Most legal research is done online through a combination of open and subscription databases. Legal information is available at our fingertips through Justice Laws, LEGISinfo, CanLII, Westlaw, Lexis, ProView, SOQUIJ, [insert your preferred database here], and the list goes on. The availability of electronic resources has radically changed—and will continue to change—the way legal professionals conduct research. However, despite my enthusiasm for the improved accessibility and retrievability, I think the lack of engagement that new legal researchers have with print resources creates comprehension issues. The disconnect between a source’s print and electronic formats reduces their understanding of the process used to create the document. Understanding this process helps us understand the organization of information and makes a researcher more efficient.
New legal researchers are often introduced directly to the electronic version of a source without fully understanding how it came to be. For example, a student might learn about legislation and be shown how to trace a legislative history using Justice Laws without ever interacting with the print, bound statutes. They are missing the benefits of seeing the tangible organization of annual, revised, and consolidated statutes. Another example is having a student use ProView without ever flipping through a physical binder and understanding how loose-leaf releases work. Although they know each source is unique, they all present approximately the same online.
Unfortunately, limited class time and COVID-19 have made it nearly impossible to get students into the library to conduct research with print sources. I try to grab print copies of case reporters, volumes of statutes, and loose-leafs to show students in person or on Zoom, but the effect is not the same as engaging with the print source directly. Instead, when I meet with students, I often see ~18 tabs open in their browsers with sites ranging from course materials, Google, CanLII, and their preferred subscription platform. They ask me, “Why does this have to be so complicated?” And they’re right! It does seem complicated, at first glance. If we had created these resources using our modern digital environment, they would be organized differently. Print established the rules, and the digital versions have been bound by them.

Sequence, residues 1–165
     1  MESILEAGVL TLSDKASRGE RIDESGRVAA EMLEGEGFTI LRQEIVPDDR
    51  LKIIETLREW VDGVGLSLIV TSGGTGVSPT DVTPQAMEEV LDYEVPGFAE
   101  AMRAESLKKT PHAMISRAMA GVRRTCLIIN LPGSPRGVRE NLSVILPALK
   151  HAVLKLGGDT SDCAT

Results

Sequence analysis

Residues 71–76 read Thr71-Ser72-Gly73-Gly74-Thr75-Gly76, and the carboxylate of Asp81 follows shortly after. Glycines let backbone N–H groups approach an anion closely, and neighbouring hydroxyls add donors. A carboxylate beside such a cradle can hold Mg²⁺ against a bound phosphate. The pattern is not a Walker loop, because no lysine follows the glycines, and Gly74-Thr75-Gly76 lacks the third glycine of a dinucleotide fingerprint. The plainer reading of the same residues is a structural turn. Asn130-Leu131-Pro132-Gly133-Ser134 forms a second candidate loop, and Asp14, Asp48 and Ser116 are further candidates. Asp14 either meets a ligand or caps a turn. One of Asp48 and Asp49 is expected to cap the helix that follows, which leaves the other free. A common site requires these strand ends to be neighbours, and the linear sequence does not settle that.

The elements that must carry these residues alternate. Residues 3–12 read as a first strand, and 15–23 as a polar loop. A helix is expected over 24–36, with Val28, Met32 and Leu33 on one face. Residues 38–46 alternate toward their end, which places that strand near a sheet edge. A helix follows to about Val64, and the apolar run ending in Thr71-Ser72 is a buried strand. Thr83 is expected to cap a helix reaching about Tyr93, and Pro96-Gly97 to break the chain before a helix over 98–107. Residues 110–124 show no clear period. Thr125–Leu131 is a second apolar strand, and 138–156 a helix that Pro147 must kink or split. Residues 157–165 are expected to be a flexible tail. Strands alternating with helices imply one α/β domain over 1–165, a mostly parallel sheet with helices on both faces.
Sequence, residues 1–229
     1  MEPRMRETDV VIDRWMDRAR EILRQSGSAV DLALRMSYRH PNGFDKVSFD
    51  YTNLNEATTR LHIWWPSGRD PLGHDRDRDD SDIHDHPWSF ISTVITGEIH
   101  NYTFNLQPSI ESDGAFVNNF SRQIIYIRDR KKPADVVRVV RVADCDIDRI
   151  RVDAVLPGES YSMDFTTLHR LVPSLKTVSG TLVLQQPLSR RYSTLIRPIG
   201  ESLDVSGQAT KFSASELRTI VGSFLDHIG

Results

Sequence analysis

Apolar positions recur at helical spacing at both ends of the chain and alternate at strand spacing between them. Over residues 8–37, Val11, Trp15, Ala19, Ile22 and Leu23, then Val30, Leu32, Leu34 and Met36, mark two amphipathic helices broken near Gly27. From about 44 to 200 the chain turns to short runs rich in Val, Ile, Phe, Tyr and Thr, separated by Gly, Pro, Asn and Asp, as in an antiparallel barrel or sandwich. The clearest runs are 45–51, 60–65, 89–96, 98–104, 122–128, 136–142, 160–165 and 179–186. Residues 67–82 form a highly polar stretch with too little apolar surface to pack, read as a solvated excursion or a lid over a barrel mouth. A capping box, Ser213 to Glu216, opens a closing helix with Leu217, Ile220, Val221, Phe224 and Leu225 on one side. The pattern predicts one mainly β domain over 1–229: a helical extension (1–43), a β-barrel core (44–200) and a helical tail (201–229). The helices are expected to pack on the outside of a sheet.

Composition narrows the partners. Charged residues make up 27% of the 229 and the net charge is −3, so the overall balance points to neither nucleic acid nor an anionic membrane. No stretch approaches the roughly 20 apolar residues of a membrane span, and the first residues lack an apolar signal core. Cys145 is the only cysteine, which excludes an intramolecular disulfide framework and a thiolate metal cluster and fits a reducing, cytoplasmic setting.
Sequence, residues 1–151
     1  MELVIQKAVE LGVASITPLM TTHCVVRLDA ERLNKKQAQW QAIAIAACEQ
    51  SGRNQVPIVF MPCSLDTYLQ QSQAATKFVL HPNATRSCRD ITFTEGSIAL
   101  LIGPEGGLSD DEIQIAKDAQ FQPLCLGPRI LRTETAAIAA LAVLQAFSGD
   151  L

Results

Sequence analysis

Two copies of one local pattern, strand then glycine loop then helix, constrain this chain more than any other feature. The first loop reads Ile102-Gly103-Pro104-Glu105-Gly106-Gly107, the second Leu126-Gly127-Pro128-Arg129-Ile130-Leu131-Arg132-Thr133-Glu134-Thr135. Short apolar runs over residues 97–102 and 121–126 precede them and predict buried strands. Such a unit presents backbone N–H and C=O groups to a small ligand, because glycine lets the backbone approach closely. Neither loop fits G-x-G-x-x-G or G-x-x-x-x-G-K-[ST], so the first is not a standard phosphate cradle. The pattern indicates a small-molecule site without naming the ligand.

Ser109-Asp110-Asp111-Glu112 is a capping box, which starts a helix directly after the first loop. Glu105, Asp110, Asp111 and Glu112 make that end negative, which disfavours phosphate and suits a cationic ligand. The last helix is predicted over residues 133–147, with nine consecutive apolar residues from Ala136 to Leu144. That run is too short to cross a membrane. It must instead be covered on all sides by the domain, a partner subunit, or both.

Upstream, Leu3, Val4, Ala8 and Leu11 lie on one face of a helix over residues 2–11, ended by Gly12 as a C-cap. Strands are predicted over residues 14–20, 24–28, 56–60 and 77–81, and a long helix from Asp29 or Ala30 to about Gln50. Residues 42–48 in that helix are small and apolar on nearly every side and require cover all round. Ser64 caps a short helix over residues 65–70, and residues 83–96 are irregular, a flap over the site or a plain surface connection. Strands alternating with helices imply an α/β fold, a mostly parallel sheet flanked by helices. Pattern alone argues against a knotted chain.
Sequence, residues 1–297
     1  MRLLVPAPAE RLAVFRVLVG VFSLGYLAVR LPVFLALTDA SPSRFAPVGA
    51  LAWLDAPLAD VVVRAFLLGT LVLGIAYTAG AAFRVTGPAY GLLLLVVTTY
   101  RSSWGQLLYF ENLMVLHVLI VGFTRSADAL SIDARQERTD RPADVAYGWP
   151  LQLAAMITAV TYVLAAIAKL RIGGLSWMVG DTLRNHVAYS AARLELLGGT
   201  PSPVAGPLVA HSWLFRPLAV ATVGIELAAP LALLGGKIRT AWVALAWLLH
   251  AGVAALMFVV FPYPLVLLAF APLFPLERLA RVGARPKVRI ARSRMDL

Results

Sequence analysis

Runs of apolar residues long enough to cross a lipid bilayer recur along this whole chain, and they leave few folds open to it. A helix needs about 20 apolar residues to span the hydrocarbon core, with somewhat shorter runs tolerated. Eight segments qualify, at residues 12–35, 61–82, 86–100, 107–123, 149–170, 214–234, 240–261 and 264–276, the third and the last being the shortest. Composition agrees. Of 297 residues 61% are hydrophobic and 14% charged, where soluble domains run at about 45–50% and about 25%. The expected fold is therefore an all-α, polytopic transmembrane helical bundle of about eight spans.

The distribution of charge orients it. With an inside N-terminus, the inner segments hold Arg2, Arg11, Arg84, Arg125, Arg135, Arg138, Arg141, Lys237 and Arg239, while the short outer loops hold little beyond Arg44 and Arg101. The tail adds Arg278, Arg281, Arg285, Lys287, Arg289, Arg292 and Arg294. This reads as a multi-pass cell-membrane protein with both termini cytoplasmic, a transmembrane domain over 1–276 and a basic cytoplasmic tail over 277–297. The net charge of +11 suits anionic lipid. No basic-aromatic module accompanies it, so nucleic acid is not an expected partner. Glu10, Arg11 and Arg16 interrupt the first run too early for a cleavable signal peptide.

When I try to explain why the digital versions might seem unnecessarily complex, but that understanding how to use the print sources will improve their navigation of the digital versions, I use the following analogy.
First, assuming Spotify is the most common music app, I ask students whether they’re more likely to download/stream full albums or singles. Once they’ve answered, I explain that the point of this question is to determine that they understand that a single song is situated within an album—the album is a collection of songs.
Next, I ask if they know why artists produce albums. This one takes a bit of waiting, and in a classroom setting a music aficionado may bring up the concept album (and rightly so!), but usually there’s someone who knows that the standard album is a result of the time limitations set by vinyl, specifically the 33 rpm LP record. (Or maybe they Google it as I’m waiting for an answer—who am I to judge?) With a brief explanation, it becomes clear that vinyl restricted artists to around 44 minutes of playing time, and this explains the standard album format still used today.
The next step is to connect the persistence of the album through various eras of music. The album has survived the evolution of music distribution. Historically, it started with vinyl, but remained through transitions between audio cassette, the CD, through to the mp3. Today, although platforms like Spotify make it easy to release only singles, it is still commonplace to release albums, and we all understand how to navigate Spotify to download/stream singles and albums both. We understand how singles are situated within albums and how to use the information surrounding a single to identify coordinating information such as the artist and album. I try to link this back to citations for revised statutes or a case law reporter. Fortunately, I usually see some heads nod and, eventually, I even get a few students who ask to look at the print.
It’s not perfect, but my intention is to show the connection between tangible, physical forms of information and the digital adaptation. They can’t flip through hyperlinks, but hopefully understanding that the digital is trying to emulate the print’s pages, indexes, and volumes makes their navigation of the online version a bit easier to comprehend.
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